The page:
“Nobody elected him to be F.D.R., they elected him to be normal and stop the chaos,” Spanberger was quoted saying in the New York Times.
The remarks caught Biden’s attention, and he soon asked to speak to Spanberger by phone. Within two months, he was in her district holding an official event, even as other front-line Democrats had taken clear steps to distance themselves from Biden’s sagging approval ratings.
As the race turned definitively, it marked a critical moment for Biden and his political team, which entered the night with the view that there was a pathway to hold the Democratic Senate majority. They had campaigned by hammering on Biden’s agenda and relentlessly framing the vote as a stark choice at hand, aiming to dampen growing talk of a red wave of Republican victories across the country.
Flipping a Senate seat in Pennsylvania
If Spanberger’s race marked the initial signs of a more positive night than predicted, it was Fetterman’s that provided the exclamation point.
With Democrats clinging to the narrowest of Senate majorities, the Pennsylvania seat held by retiring Republican Sen. Pat Toomey represented the only viable pickup opportunity in a handful of toss-up races that appeared primed to break either way.
That Fetterman is very publicly recovering from a stroke he suffered six months, including a debate performance that led some Democrats to question his decision to press forward, placed a cloud of uncertainty over a race in a state Biden flipped back to the Democratic column by a little more than 80,000 votes in 2020.
But unlike so many other hotly contested states and districts, Biden never hesitated to show up in his birth state – and Fetterman never avoided Biden when he did. That included the highest-profile Democratic campaign rally of the cycle this past weekend, where Biden and former President Barack Obama teamed up with Fetterman and Josh Shapiro, the party’s candidate for governor, to make one final run at juicing turnout in the Democratic stronghold of Philadelphia.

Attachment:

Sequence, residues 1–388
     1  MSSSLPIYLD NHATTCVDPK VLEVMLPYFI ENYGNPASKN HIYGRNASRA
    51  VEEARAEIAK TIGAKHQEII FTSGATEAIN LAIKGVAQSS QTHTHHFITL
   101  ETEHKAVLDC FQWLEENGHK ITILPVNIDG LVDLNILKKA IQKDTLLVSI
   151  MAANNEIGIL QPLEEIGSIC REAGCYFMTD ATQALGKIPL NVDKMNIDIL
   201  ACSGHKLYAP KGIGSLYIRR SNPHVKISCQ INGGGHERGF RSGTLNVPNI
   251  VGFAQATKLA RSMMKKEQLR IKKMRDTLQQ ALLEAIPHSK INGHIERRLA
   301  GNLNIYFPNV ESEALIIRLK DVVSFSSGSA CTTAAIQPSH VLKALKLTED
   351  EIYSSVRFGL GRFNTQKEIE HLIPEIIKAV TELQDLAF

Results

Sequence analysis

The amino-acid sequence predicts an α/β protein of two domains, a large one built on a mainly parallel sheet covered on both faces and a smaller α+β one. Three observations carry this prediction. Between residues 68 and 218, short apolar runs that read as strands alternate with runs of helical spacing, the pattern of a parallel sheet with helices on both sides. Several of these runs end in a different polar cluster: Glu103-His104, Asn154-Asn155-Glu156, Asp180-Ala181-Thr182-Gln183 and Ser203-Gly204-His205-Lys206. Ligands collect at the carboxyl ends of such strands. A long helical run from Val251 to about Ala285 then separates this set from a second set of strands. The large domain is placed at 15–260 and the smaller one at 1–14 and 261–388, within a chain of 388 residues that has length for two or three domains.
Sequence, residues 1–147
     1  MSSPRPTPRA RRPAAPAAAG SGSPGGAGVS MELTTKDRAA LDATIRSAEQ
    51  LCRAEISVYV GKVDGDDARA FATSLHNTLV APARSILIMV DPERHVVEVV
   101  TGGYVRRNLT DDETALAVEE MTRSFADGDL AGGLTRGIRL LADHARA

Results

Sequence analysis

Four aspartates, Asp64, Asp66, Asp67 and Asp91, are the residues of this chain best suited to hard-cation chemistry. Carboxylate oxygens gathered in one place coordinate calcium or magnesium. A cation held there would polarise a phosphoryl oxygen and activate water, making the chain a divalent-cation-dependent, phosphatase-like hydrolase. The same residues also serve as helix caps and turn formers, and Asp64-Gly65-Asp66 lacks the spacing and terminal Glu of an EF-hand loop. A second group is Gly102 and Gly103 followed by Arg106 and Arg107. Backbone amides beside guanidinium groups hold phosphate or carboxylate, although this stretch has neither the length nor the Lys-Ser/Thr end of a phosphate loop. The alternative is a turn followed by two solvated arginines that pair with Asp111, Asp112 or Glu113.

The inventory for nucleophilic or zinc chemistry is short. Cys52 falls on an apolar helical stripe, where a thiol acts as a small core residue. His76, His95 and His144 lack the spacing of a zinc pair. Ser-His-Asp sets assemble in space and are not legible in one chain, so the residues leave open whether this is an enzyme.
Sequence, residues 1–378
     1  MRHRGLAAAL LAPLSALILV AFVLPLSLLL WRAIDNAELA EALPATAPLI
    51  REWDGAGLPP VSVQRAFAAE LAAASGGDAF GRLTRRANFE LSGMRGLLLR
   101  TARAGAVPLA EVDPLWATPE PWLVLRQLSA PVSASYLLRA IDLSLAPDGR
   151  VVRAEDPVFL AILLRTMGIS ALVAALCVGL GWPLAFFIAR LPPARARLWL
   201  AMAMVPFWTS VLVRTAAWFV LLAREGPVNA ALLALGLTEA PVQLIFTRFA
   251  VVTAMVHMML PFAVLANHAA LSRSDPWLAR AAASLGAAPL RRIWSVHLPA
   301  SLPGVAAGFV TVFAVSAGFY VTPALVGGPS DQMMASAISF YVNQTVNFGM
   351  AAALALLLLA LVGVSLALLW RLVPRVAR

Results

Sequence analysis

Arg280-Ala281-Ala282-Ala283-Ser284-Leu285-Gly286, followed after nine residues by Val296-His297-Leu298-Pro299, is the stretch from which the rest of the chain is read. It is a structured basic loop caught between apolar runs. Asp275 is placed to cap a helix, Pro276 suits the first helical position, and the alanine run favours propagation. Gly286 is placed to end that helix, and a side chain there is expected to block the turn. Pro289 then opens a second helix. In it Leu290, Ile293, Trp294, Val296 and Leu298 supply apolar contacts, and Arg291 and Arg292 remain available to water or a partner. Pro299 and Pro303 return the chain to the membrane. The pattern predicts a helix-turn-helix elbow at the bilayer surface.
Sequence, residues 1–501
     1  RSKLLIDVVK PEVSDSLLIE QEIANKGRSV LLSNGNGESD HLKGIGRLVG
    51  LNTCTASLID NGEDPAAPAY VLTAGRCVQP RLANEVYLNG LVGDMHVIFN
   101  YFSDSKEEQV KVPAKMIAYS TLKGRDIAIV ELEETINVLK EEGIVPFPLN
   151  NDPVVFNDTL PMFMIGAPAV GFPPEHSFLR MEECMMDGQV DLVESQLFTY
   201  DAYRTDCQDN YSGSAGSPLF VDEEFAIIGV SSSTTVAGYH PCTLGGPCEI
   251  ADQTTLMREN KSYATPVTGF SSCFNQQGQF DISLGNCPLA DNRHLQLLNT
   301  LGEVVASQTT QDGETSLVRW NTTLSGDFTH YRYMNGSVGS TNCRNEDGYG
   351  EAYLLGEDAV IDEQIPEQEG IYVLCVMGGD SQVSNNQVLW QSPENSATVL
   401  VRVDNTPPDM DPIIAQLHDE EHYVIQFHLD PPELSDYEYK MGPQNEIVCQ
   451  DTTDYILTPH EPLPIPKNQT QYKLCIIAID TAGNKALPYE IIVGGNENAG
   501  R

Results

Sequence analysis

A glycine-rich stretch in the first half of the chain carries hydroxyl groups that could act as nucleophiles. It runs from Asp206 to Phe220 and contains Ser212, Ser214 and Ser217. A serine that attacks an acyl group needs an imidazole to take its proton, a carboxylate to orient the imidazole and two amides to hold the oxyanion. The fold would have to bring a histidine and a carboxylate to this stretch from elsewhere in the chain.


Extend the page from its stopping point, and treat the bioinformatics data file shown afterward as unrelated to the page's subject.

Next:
Biden left that rally bolstered by the enthusiasm he saw, one adviser told CNN – a personal data point of sorts for the self-identifying “congenital optimist” who never seemed unsettled by the Democratic anxiety that became pervasive in the final weeks of the campaign.
Yet he also didn’t hesitate to lay out his view of the stakes of the moment – one in which the Republican center of gravity had not shifted away from Trump in the two years since his electoral defeat.
“This is a defining moment for the nation,” Biden said as he neared the close of his Philadelphia remarks.
Even as Biden made congratulatory phone calls to 35 victorious Democrats, he remained behind closed doors. A White House official said his calls had been wrapped up for the night and, while there was nothing officially scheduled, the first opportunity to hear Biden’s views would likely come later on Wednesday.
At last, Fetterman’s race was called shortly after 1 a.m. ET Wednesday morning. Shortly after, a White House official passed along a simple message that wasn’t subtle in its nod to Biden’s repeated visits to Pennsylvania as other Democrats kept him at arm’s length.
“The president had a great time with the senator-elect on Saturday,” the official said.
Biden’s own electoral future will soon move to center stage, as he enters the critical period where he’ll make a final decision whether to seek reelection. Biden’s 2020 opponent, Trump, has already made moves toward his own campaign launch.
But for all of the uncertainty, Biden’s advisers ended the night assured that a sweeping red wave – and the implicit indictment of their administration from which they fought to separate themselves – did not materialize.
Biden, for his part, decided to reach out to one more Democrat before ending his night: He sent a text to Fetterman, congratulating him on his victory.